Hitchhiking Tips And Tricks

Hitchhiking is one of my favourite ways of traveling. You meet heaps of people (most of them pretty interesting) and I’ve often found it to be faster than taking the bus. I’ve done a fair bit of it. From Cross-Canada and Europe trips to short little hops near my home. I don’t consider myself an expert but here are some ideas and tips to get you started.


-Try to look as neat and tidy as possible. I rock a shave before starting a hitchhiking trip and usually a clean shirt and pants. If it’s going to be a longer trip, pack some so you can freshen up daily.


-Your Gender and Group composition will greatly affect your hitchhiking experience.

-You will need to be much more careful if your female and hitch hiking by yourself.

-I think the ideal combination is one female and one male. It’s not too threatening to people picking you up but you still have each other for safety.

-If you have more than two people it’s going to take longer to get picked up.

-Drivers by themselves are less likely to pick up bigger groups of people.


-If it’s a long journey, you’ll probably want to get on the highway. An on-ramp near a busy rest stop is a good place as the cars will be going slower. Make sure that cars have plenty of time to see you and a safe place to pull over and pick you up. -Be careful, in some places it’s illegal to hitch-hike on the highways. If it’s a shorter journey, you can try a local road. Make sure it’s relatively busy.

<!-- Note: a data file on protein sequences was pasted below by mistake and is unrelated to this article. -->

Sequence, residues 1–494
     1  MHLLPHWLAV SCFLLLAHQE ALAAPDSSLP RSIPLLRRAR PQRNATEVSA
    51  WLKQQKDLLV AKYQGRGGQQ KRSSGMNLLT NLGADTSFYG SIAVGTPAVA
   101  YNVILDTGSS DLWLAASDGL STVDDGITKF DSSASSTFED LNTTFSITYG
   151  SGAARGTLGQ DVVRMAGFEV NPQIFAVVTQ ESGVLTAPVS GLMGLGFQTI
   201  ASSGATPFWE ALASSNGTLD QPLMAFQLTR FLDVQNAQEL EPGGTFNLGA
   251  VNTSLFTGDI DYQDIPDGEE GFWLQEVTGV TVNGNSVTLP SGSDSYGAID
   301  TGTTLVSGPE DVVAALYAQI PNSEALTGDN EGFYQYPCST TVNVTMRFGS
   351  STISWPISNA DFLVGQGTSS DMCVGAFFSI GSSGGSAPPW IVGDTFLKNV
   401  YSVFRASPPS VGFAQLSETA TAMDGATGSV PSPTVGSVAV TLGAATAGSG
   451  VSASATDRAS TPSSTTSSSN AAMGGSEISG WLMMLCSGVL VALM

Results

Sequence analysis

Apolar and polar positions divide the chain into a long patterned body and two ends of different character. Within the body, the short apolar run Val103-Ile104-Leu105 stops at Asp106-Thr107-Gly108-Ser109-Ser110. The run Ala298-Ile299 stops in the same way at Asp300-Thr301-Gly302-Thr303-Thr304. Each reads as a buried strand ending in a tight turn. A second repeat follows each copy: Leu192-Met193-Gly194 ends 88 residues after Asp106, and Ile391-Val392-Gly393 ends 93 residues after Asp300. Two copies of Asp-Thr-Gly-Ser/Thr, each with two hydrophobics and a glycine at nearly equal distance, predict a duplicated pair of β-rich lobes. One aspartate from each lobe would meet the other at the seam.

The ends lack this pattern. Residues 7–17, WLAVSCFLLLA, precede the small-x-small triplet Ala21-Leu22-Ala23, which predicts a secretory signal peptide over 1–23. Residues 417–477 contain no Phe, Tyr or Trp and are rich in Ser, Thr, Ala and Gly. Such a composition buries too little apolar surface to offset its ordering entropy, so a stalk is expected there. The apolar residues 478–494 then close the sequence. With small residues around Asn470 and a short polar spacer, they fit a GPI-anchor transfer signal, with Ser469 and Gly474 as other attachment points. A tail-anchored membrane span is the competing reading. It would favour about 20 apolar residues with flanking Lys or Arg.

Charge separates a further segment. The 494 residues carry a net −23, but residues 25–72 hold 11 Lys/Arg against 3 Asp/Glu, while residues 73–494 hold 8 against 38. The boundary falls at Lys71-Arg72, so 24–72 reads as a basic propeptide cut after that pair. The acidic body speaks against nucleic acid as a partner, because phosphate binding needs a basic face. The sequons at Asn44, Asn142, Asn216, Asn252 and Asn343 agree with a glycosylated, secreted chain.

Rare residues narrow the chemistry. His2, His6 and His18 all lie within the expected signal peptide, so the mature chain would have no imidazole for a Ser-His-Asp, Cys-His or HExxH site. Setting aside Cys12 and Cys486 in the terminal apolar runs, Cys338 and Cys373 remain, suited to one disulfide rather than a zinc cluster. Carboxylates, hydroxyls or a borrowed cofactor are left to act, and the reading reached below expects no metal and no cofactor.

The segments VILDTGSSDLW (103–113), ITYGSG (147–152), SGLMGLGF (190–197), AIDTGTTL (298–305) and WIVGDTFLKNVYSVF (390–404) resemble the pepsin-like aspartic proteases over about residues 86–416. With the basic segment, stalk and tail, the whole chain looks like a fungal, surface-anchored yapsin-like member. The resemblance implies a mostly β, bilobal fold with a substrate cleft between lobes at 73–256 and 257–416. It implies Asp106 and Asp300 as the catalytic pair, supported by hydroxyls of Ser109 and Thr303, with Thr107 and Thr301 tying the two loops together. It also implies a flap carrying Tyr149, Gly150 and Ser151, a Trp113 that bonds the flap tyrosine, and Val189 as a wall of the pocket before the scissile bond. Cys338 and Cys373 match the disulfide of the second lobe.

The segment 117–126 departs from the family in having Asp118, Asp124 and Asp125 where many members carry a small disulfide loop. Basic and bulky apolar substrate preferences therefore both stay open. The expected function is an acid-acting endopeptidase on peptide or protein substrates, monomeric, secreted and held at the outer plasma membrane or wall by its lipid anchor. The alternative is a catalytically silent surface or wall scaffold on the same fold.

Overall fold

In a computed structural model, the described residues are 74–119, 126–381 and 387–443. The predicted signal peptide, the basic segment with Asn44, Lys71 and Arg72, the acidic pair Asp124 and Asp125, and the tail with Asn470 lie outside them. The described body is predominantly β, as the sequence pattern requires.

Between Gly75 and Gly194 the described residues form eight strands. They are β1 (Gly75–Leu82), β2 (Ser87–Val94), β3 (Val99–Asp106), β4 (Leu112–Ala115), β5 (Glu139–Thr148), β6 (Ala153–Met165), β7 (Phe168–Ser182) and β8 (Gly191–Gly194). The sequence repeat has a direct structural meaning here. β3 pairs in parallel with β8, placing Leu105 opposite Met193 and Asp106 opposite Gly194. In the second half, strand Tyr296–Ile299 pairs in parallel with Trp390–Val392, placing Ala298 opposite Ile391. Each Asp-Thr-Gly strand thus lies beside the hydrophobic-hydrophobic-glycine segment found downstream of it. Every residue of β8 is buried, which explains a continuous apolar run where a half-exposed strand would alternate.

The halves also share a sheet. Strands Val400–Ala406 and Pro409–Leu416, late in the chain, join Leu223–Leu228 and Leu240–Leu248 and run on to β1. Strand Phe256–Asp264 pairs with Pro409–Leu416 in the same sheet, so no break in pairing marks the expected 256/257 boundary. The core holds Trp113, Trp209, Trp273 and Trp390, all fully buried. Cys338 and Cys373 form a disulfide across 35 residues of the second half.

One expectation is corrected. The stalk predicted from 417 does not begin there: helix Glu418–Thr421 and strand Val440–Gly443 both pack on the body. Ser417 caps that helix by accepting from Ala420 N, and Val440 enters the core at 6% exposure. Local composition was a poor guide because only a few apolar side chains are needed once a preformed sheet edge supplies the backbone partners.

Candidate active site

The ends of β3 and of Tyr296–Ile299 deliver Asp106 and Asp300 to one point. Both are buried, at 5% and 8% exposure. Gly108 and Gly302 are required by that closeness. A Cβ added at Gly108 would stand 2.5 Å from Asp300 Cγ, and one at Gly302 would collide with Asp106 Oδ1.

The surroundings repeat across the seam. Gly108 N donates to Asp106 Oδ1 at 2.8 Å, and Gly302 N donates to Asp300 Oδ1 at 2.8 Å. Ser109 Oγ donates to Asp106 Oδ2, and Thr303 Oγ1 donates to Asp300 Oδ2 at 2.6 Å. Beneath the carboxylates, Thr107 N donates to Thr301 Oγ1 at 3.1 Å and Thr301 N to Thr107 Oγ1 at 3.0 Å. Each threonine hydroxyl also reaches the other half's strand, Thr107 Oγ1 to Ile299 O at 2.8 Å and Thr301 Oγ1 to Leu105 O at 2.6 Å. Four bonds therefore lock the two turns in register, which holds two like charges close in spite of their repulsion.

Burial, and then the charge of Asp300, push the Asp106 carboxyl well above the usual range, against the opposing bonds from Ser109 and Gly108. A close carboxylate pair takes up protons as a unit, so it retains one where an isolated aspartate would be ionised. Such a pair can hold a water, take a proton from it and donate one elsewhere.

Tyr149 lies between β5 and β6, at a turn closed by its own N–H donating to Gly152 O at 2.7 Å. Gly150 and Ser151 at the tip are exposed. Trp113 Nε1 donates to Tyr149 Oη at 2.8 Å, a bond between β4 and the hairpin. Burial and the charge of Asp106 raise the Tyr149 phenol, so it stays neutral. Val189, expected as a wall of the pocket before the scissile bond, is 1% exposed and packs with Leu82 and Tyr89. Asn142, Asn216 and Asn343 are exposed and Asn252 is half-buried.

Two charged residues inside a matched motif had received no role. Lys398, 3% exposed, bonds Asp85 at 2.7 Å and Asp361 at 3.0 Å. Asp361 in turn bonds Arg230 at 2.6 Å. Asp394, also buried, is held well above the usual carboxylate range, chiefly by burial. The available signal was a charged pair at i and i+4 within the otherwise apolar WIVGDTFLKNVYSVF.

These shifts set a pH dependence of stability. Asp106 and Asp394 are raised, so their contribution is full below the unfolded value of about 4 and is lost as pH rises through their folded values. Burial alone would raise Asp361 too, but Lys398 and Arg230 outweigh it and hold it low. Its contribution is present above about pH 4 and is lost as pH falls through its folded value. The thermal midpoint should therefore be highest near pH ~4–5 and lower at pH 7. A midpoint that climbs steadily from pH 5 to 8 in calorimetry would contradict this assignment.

-If your hitching out of a city, try to get to the outskirts (city bus, subway etc.) before starting to hitch hike.


-I’d highly recommend bringing along a good map. Don’t count on the people who pick you up to know the area and roads well.

-If your hitching in a foreign country where you don’t speak the language a map is even more important. I got from Paris to Barcelona mainly by showing my map, stating my destination, responding with “name of place c’est bon”, and then rocking out to whatever music they had on.

-Bringing along a simple phrase book so you can exchange pleasantries is a good idea as well!

To sign or not to sign:

-The hitch hikers I’ve met are of a divided opinion over whether or not to use a sign. The main arguments are:

To Sign:

-Let’s people know where your going, if they’re going there or close to there they are more likely to stop.

-If looking for a big long ride, hopefully eliminates people going shorter distances. 1 big ride is faster (but maybe not as interesting) as 10 smaller rides.